Internet of Things (IoT) business gets serious

Internet of Things (IoT) business gets serious

Paritosh Mahana
Table of Contents
Table of Contents

On June 30, 2016, the Netherlands became the first country in the world to have a nationwide network for Internet of Things (IoT) applications. Implemented by KPN, the largest telecom and IT service provider in the country, the network would make it simple to develop smart applications that can help connect devices and lead to overall optimization.

“Last year we identified an increasing demand for low-power network technology for Internet of Things applications. We are responding to this by choosing LoRa (Long Range) network, so millions of devices can be connected to the internet in a cost-effective manner,” said Joost Farwerck, Chief Operations Officer and member of the Board of Management of KPN.

KPN’s LoRa is a new network for IoT and a supplement to the existing 2G, 3G and 4G networks. It eliminates significant barriers such as costs, consumption and energy, so that numerous devices can be connected to the Internet. KPN has already contracted 1.5 million ‘devices’ that will be connected to the IoT network. The number is anticipated to increase swiftly now that the network is available throughout the Netherlands.

Korea jumps on the IoT bandwagon

Coming a close second in the photo finish, South Korea has also claimed that it was rolling out its IoT network. South Korean telco SK Telecom claims its technology will allow it to reach 99% of the country’s population. The company is investing close to $100 billion in the project and claims its price plans are “highly affordable”, which would ease the cost burden for startups and small and medium enterprises. Korea’s IoT network will allow public, private and commercial smart devices to capture and process data for various purposes and can host devices to track the location of people, vehicles, objects and assets.

“SK Telecom is proud to announce the nationwide deployment of LoRaWAN (Long Range Wide Area Network) as it marks the first important step towards realizing connectivity,” said Lee Hyung-hee, President of Mobile Network Business at SK Telecom.

IoT and Make in India initiative go hand in hand

With the thrust on new initiatives such as Smart Cities, Smart Homes, Digital India, and Make in India, the role of IoT will be pivotal. IoT together with Big Data Analytics is set to transform our homes and surroundings to a great extent. Smart homes and smart cities are based on the premise of interconnectivity of devices. From energy saving to managing timings of water pumps, IoT is looking to disrupt and revolutionize several aspects of our lives. Recently, there has been a boom in IoT-oriented startups that are implementing the new technology in novel and inconceivable ways like connected transport systems, pH measurement of soil, etc.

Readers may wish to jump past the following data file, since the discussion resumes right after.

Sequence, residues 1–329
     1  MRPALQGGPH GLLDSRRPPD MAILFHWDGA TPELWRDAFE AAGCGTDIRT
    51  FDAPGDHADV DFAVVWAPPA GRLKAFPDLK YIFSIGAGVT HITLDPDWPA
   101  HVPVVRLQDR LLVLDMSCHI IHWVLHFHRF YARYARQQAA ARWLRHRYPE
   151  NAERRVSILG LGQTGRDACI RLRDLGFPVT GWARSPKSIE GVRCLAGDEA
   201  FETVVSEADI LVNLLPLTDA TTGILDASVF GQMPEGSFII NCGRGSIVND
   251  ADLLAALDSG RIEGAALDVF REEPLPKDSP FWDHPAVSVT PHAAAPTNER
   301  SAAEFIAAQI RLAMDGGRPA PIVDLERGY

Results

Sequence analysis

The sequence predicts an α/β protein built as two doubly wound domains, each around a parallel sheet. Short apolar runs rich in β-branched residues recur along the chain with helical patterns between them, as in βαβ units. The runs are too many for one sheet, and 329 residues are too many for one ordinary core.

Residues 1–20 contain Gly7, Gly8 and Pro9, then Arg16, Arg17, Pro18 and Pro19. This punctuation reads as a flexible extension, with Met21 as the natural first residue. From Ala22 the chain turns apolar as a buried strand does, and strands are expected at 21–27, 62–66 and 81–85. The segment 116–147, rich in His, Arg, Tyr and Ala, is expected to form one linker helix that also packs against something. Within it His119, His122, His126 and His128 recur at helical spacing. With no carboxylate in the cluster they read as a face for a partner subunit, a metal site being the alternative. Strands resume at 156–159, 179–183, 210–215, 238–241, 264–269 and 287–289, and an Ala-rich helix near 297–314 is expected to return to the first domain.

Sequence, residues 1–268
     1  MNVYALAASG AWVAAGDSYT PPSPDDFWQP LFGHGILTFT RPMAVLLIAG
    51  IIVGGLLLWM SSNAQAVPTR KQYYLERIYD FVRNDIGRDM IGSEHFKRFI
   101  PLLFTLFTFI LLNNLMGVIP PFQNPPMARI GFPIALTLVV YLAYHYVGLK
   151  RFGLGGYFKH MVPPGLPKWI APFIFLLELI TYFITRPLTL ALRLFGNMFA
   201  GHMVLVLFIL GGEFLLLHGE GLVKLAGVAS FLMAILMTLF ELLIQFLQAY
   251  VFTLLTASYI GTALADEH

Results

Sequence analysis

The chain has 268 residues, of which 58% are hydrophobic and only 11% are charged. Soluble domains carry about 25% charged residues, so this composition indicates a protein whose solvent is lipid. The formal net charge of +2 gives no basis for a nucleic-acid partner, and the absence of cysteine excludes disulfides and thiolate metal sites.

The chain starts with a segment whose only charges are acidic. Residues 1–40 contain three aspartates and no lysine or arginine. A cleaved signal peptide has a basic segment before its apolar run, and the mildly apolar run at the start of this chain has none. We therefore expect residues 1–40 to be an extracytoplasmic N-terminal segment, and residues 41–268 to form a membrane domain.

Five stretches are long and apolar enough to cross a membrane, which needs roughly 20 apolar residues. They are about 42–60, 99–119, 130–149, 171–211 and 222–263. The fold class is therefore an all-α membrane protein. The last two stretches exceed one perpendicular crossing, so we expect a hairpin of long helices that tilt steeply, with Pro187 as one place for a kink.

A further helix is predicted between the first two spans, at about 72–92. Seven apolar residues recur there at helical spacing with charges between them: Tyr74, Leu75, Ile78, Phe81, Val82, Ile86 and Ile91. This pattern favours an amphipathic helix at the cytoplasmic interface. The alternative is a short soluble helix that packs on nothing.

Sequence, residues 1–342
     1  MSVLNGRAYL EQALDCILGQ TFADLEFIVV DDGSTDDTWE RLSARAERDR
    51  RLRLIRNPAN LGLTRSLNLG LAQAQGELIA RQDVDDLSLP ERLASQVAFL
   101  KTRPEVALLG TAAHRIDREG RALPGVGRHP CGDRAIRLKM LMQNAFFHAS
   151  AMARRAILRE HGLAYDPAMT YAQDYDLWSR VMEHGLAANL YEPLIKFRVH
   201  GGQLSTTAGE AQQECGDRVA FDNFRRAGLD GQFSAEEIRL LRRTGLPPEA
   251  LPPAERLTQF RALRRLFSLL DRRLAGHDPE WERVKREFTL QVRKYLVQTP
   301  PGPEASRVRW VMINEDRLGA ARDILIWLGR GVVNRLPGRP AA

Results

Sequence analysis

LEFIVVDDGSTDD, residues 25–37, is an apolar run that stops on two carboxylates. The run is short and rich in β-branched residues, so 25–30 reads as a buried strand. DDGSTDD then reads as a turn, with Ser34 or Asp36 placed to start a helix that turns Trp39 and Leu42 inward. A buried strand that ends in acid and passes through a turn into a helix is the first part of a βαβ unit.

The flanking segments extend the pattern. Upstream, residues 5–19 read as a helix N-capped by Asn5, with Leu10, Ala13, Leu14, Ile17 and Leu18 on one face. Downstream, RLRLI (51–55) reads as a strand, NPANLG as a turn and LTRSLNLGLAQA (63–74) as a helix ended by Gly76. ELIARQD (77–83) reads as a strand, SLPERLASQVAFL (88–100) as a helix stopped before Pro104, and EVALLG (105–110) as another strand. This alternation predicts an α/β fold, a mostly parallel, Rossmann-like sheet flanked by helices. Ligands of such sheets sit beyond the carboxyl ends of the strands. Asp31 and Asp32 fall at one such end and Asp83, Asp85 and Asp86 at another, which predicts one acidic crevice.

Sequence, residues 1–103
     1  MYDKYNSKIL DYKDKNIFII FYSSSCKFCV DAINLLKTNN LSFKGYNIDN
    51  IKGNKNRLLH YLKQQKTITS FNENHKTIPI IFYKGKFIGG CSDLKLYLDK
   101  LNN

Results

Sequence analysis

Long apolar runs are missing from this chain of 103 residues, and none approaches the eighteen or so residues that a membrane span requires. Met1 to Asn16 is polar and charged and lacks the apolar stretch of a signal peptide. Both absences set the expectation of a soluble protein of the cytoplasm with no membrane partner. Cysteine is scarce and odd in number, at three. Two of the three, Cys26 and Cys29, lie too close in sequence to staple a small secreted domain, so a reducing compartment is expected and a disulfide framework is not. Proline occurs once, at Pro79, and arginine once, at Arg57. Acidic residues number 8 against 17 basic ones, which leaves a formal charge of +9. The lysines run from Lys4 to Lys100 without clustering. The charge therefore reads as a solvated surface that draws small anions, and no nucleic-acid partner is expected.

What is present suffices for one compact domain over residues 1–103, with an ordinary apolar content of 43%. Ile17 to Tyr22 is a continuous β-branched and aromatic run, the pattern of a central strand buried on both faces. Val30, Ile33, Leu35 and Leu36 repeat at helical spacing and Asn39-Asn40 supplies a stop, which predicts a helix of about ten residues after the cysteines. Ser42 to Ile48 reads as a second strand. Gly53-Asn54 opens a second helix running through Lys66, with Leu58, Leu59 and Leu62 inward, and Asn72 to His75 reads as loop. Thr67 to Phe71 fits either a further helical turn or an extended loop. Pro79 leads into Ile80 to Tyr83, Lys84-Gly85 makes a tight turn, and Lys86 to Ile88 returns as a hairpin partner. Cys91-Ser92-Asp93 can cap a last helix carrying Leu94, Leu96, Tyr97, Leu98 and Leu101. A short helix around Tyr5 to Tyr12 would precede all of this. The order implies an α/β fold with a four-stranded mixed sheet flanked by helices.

IoT spreads like wildfire

According to a McKinsey report on IoT: “If policy makers and businesses get it right, linking the physical and digital worlds could generate up to $11.1 trillion a year in economic value by 2025. At the top end, that level of value—including the consumer surplus—would be equivalent to about 11 percent of the world economy.” There are other inputs also which corroborate the McKinsey study. Global research firm Gartner says that the number of organizations adopting IoT will grow 50 percent in 2016, reaching 43 percent of organizations overall.

“The IoT is already changing the way we interact with the world as the number of smart devices keeps increasing. It blurs the line between our physical world and the Internet. Businesses are just beginning to wake up to the value of IoT globally. The potential is enormous,” said Shashank Dixit, CEO, Deskera, a Cloud-based business software company working in Big Data and Analytics.

IoT is all set to impact industries across the board. In healthcare, it is predicted that, by 2025, remote monitoring of patients with chronic diseases could generate $1.1 trillion a year. Apart from wearables and connected home devices, the new technology has found applications in smart city, Industrial Internet, retail tech, among others.

The new technology is expected to lead to improvement in business intelligence as enormous amounts of data starts pouring in from all everywhere – homes, offices, hospitals, malls, and every other conceivable space. With proper Big Data Analytics tools in place, businesses would be able to improve their business strategy and customer experience. They would get real-time feedback, would be able to monitor customer behavior, review product performance, and track loyalty. Besides, companies can also utilize the IoT to improve equipment maintenance and enhance the safety of workers.

According to a Gartner prediction, by 2020, there will be 25 billion savvy gadgets transmitting information. With the way the IoT, Big Data and Analytics have started gaining ground we might as well brace ourselves for the next Industrial Revolution.

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